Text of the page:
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Magn Reson Imaging. 1999 Dec;17(10):1489-94.

MRI of thermally denatured blood: methemoglobin formation and relaxation effects.

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1
Department of Radiological Sciences, UCLA School of Medicine, Los Angeles, CA 90024-1721, USA. kfarahan@ucla.edu

Abstract

Focal regions of T1-shortening have been observed in magnetic resonance imaging (MRI)-monitored thermal ablations of perfused tissues. The aims of this study were two-fold: to find evidence for heat-induced conversion of hemoglobin (Hb) to methemoglobin (mHb), and to investigate the effects of heat treatment of in-vitro blood components upon their MR relaxation times. Spectrophotometric studies were performed to confirm the heat-induced formation of methemoglobin. Preparations of whole and fractionated blood, previously submitted to elevated temperatures of 40 degrees C to 80 degrees C, were imaged and the relaxation times were calculated. Optical absorption spectra of samples containing free Hb, heated to 60 degrees C, showed increased light absorption at 630 nm, evident of mHb presence. Short T1 values in whole blood (1.13 s) and packed red blood cell (0.65 s) compartments, heated at 60 degrees C, compared to their baseline values (1.62 s and 0.83 s, respectively), were attributed to mHb formation. In relation to MRI-guided thermal interventions, these results suggest a possible explanation for observation of hyperintense regions on T1-weighted images.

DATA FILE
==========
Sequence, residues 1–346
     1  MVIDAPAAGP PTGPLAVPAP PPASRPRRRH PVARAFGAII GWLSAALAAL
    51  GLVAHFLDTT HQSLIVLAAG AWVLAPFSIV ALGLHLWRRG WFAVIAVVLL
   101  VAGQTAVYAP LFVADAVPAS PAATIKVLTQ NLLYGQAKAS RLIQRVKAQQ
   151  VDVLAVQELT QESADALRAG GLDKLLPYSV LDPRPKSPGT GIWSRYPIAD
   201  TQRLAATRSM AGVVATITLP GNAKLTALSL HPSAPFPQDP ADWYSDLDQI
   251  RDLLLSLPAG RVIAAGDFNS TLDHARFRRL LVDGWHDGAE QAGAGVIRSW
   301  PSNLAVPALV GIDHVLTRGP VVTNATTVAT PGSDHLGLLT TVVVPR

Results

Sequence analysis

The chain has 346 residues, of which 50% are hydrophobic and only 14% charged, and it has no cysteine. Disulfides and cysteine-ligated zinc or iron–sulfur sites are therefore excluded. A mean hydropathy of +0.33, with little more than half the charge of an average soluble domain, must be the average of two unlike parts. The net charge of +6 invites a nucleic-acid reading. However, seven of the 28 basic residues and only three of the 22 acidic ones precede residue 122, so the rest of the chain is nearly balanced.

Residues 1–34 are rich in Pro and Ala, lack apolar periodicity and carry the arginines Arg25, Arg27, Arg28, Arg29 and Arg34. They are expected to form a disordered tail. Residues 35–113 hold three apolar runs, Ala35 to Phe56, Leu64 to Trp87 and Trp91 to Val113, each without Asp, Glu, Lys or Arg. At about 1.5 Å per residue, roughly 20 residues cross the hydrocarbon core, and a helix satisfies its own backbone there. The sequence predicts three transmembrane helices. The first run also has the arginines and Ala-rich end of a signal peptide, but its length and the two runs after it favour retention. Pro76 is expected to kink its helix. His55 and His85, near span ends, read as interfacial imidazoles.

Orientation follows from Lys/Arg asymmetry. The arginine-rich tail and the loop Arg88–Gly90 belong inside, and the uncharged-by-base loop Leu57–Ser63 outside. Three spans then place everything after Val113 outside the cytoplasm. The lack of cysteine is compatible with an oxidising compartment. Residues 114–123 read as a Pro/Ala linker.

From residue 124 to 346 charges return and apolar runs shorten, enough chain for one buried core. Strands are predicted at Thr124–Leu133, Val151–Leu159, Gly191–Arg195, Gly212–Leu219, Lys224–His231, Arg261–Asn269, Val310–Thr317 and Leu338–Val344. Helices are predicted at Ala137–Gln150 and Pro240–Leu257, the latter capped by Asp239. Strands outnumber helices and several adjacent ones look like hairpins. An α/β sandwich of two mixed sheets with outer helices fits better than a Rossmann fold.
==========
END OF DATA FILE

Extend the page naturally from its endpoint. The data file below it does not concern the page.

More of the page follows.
PMID:
10609997
[Indexed for MEDLINE]
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